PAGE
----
Gov. David Paterson's embattled top aide resigned Friday, after a week of escalating criticism over his failure to pay $300,000 in taxes on time and a questionable excuse for the lapse.
"Members of an elected official's staff should never distract from the work of the principal who they are privileged to serve," O'Byrne wrote in a letter to Paterson. "It is clear to me that my personal history has become a distraction to the work of your administration."
Paterson wrote O'Byrne that he accepts the resignation, effective Friday, with regret.
O'Byrne, who has ties to the Kennedy family, has said clinical depression kept him from paying taxes between 2001 and 2005, before he took the job as secretary to the governor.
O'Byrne's problems were first made public in the New York Post on Saturday and O'Byrne has been fighting mounting pressure since then to keep his $178,500-a-year job. On Tuesday, lawyers for O'Byrne sought to end the controversy by releasing tax data but ended up intensifying the criticism when they blamed the delay on "nonfiler syndrome" related to his depression. One of the tax attorneys said it was a common mental health problem for professionals, but mental health and IRS officials said they never heard of it.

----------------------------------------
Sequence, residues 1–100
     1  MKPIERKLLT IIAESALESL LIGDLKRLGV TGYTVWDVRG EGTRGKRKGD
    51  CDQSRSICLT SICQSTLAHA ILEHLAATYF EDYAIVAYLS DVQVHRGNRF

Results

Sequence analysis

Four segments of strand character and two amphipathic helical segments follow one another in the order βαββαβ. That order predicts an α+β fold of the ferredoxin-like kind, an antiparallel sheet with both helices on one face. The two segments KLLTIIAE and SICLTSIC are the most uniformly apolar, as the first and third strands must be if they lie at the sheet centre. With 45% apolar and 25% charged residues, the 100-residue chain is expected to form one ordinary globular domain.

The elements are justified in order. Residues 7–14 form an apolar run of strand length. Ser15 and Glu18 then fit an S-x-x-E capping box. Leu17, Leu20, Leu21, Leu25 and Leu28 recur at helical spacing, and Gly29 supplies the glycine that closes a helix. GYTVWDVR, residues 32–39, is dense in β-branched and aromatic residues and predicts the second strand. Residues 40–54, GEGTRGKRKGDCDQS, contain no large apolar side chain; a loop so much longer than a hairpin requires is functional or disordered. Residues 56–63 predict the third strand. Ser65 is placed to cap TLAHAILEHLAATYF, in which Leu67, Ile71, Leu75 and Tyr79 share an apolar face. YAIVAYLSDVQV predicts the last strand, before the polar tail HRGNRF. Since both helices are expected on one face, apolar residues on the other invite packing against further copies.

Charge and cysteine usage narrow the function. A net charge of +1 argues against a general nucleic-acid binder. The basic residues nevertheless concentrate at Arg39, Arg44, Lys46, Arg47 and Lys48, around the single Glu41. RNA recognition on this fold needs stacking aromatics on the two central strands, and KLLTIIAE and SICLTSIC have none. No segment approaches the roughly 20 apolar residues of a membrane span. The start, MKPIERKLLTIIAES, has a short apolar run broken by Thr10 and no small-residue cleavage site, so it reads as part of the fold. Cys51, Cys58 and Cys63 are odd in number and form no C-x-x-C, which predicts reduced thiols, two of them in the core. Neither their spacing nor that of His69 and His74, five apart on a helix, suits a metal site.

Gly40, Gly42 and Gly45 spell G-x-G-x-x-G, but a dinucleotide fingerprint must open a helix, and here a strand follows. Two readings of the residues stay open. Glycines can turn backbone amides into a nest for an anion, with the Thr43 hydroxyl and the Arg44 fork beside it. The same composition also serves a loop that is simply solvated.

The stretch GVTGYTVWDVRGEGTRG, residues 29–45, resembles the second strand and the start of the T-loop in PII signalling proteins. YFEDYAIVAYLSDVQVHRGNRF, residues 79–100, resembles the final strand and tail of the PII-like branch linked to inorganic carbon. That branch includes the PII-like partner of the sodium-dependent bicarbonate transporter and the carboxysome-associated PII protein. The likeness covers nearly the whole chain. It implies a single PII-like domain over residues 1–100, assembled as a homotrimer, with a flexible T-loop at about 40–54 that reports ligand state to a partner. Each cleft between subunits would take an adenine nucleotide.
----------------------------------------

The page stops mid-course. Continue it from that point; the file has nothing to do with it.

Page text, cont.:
Paterson administration officials didn't immediately respond to requests for comment.
O'Byrne, a former Jesuit priest who officiated at the wedding of John F. Kennedy Jr. and counseled the Kennedy family three years later after he died in a plane crash, was the top aide to Paterson. He was responsible for mapping out policy and politics as Paterson rose from the near powerless Democratic minority in the Senate to lieutenant governor and then governor after Democrat Eliot Spitzer resigned in March amid a prostitution scandal.
O'Byrne's resignation is a blow to an administration that has fought one crisis after another, beginning with Spitzer's resignation after just 14 months, much of which was spent in gridlock after fights with the Republican-led Senate.
Since then, Paterson, with O'Byrne, has convinced the Legislature to cut Spitzer's last budget, decreased spending in the executive branch by 10 percent and warned of dire fiscal problems months before Wall Street's meltdown.